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Other Terms: Cartilago thyroidea, Cartilage thyroïde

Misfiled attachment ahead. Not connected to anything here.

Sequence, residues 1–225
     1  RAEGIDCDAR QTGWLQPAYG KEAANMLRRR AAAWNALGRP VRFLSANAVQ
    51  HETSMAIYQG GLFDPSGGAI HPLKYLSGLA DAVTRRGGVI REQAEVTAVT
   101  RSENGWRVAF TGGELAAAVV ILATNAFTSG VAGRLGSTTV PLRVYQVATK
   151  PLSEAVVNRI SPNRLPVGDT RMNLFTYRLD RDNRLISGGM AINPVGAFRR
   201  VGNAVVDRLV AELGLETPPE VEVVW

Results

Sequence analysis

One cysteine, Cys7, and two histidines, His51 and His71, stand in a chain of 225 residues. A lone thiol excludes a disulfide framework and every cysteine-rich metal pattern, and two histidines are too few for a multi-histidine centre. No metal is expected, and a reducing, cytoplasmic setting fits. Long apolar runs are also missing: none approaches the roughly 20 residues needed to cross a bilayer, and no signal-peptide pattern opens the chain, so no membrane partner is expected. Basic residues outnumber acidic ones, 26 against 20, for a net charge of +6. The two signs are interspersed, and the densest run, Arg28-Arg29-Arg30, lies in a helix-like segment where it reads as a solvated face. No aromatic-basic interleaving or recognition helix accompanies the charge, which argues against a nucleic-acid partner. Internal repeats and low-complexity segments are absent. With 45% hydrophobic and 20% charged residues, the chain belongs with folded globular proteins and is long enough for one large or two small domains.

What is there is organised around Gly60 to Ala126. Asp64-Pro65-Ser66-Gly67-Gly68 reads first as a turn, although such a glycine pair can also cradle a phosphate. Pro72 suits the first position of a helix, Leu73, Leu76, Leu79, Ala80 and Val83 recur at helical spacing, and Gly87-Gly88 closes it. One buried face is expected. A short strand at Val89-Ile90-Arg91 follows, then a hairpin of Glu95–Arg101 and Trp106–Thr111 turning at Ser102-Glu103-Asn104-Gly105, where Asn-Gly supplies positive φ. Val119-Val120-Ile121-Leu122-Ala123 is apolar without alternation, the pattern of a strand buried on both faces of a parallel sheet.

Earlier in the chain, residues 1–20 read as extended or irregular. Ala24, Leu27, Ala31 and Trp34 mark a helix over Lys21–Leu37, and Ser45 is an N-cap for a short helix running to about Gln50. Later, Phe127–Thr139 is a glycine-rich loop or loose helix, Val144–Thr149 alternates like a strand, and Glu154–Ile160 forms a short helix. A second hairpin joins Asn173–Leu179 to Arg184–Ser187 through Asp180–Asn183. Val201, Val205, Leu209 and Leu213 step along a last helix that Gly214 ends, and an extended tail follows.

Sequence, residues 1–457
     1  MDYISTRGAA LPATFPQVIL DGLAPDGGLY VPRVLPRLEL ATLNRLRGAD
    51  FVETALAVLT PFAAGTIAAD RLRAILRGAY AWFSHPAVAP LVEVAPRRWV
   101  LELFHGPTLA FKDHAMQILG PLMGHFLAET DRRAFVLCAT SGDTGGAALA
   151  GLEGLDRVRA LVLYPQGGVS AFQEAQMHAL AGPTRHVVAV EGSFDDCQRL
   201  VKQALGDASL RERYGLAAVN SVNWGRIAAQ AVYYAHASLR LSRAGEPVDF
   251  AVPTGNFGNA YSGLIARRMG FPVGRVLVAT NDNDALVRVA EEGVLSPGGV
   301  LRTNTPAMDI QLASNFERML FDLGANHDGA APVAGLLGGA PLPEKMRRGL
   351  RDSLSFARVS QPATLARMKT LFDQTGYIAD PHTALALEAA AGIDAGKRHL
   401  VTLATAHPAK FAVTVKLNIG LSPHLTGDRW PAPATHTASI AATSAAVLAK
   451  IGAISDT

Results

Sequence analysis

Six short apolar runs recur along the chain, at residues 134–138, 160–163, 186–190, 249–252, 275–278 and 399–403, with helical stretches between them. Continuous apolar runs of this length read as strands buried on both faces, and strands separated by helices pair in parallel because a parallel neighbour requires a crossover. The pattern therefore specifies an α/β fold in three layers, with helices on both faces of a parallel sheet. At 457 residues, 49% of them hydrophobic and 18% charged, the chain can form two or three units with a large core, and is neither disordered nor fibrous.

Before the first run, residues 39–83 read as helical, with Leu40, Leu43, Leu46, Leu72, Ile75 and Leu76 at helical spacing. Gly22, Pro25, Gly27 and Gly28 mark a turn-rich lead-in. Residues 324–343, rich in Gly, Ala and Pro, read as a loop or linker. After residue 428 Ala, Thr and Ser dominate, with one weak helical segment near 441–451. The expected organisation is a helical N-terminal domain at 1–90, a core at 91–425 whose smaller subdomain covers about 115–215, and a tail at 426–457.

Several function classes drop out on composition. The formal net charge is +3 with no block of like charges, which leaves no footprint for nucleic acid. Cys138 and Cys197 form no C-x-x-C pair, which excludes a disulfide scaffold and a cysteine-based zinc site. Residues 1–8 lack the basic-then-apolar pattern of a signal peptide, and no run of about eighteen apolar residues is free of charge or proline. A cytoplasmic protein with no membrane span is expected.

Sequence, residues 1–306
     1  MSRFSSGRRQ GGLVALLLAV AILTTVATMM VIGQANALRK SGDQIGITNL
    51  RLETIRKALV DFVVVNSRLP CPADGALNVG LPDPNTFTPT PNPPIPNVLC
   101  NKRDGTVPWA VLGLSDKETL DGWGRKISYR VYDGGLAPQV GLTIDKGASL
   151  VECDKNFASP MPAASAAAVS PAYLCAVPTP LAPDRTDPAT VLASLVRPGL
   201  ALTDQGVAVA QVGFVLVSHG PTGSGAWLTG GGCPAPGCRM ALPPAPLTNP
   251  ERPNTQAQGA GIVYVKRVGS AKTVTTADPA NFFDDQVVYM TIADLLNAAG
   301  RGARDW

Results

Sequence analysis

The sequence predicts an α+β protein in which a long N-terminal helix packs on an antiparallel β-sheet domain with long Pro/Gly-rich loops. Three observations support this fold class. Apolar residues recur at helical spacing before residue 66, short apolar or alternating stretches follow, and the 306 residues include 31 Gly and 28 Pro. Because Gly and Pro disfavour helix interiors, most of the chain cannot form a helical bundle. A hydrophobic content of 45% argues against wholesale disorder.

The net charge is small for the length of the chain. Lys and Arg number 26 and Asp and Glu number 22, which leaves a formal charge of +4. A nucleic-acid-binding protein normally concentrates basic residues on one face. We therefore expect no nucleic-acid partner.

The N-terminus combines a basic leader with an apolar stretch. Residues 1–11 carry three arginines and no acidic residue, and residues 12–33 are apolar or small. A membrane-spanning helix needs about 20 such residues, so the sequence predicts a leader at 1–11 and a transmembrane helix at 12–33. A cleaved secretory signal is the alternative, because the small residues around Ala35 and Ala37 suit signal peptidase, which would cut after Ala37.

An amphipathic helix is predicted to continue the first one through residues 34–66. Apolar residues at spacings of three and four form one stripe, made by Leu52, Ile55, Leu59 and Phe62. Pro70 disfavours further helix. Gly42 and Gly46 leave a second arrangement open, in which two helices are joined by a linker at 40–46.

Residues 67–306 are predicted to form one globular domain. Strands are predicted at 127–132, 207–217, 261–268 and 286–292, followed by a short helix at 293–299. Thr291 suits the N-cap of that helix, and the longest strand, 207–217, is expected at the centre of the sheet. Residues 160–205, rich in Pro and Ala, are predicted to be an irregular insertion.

The thyroid cartilage is a shield-shaped hyaline cartilage that is incomplete posteriorly. It has two large, flat plates, or laminae, that converge at the anterior midline where they form the so-called “Adam’s apple.” Projecting from the posterior border of each lamina are superior and inferior projections, the superior and inferior horns of the thyroid cartilage. Attached to its inner surface at the midline is the elastic cartilage structure, the epiglottis. They provide attachment for numerous muscles of the larynx and ventral strap muscles of the neck. Like the other laryngeal cartilages, it grows much more rapidly in the male after puberty.